ENTP careers

The ENTP personality type is one of the most versatile types, and the list of typical ENTP careers is unsurprisingly quite extensive. ENTPs tend to have many transferrable and strongly expressed skills, which gives them a distinct advantage on the career ladder—as long as they pay enough attention to their strengths and weaknesses. This article will discuss what careers would be best for ENTPs, and your comments, suggestions, or criticism are always welcome.

ENTPs truly love generating new ideas and devising new projects. This is one of the most creative and flexible personality types, and such traits are always clearly seen, no matter which career path the ENTP decides to choose. Their intelligence can even be somewhat intimidating, as ENTPs have an explosive combination of good social skills (the Extraversion (E) trait), tendency for intellectual pursuits (the Thinking (T) trait) and spontaneity (the Prospecting (P) trait). These traits push ENTPs toward careers that allow them to use that never-ending flow of ideas in a productive way. For instance, ENTPs tend to be excellent entrepreneurs, actors, or engineers.

Next, ENTPs have very good communication (both verbal and written) skills, and there are few activities more satisfying for them than debating ideas with someone else. Interestingly, ENTPs also tend to have excellent leadership skills, but they dislike managing other people (or vice versa, being controlled by somebody else). On the other hand, people with this personality type easily motivate and inspire others, even though that inspiration tends to be rational and intellectual rather than emotional. Some of the typical ENTP careers make good use of these enigmatic traits; ENTPs can be brilliant lawyers, psychologists, scientists, or even sales representatives, as long as they are given enough freedom.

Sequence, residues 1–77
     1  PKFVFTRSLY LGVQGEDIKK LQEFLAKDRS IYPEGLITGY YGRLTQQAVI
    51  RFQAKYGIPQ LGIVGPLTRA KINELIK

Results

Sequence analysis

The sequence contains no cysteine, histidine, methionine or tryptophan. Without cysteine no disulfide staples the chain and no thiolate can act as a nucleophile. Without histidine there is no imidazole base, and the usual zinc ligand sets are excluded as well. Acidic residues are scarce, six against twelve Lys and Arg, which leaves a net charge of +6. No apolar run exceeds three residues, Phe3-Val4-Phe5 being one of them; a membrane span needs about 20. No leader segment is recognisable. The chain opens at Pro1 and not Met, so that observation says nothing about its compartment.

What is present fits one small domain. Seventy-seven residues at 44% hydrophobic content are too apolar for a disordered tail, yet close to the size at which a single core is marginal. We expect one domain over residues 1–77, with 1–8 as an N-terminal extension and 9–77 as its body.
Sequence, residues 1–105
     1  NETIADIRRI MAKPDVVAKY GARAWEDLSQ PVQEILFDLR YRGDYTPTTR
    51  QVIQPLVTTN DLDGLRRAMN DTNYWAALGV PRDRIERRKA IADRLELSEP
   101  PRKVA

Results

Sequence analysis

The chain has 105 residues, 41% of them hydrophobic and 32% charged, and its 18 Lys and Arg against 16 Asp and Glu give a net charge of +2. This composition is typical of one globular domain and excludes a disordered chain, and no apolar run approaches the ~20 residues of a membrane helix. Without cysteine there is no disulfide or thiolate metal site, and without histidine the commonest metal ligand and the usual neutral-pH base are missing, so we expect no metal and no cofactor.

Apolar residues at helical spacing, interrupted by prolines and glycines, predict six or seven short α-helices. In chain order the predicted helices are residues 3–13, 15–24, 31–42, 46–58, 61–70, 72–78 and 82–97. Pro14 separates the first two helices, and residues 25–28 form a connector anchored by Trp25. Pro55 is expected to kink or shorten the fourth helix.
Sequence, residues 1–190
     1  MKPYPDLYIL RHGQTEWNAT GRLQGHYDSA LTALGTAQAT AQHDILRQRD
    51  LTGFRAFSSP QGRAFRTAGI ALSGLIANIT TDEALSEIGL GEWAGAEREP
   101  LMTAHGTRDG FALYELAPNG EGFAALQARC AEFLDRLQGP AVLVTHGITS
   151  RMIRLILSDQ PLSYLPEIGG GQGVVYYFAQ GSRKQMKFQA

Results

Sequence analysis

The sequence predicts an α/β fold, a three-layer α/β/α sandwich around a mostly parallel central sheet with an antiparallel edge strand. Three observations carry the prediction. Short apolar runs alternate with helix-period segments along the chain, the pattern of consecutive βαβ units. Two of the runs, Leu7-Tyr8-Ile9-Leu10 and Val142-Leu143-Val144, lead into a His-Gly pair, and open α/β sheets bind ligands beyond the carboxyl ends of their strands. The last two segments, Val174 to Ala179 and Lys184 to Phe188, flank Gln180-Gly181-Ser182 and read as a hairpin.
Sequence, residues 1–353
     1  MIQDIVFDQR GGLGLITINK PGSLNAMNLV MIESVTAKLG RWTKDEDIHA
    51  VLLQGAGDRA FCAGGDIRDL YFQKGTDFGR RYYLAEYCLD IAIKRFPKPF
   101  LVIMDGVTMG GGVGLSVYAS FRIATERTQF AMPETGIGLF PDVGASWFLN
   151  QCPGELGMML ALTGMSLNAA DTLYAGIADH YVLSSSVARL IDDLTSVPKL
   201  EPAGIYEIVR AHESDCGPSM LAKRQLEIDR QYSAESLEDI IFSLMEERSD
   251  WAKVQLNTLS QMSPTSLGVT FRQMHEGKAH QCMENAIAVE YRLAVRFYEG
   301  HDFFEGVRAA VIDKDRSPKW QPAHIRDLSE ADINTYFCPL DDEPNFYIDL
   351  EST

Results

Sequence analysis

ENTP careers also tend to reward intellectual competency and curiosity. ENTPs tend to value knowledge, insightfulness, and rational thought very highly. They are not impressed or affected by emotions; any ENTP would much rather spend time figuring out a solution for a difficult problem than trying to understand what makes somebody else “tick.” Furthermore, ENTPs need a lot of freedom; they dislike routine, structure, and formal rules, seeing them as a hindrance to those exciting intellectual pursuits. Consequently, ENTPs tend to shine in careers that revolve around such traits: photography, system analysis, programming, or freelance consulting, for example.

If you would like to learn more about the ENTP career paths and professional development, as well as read about the experiences of other ENTPs, download the ENTP In-Depth Profile – a 60+ page guide covering a number of diverse topics. Otherwise, please keep reading:

11 Responses to “ENTP careers”

  1. Erica Reply

    “ENTP would much rather spend time figuring out a solution for a difficult problem than trying to understand what makes somebody else “tick”.”

    This is a false dichotomy. I’m an ENTP and a Psychologist. I find that people and life are very complex and therefore human problems can be very difficult. Even understanding what makes a person “tick” is very complex. People are the best puzzles to solve. Even emotions have their own logic if you truly understand their causes and functions.

    • Emily Reply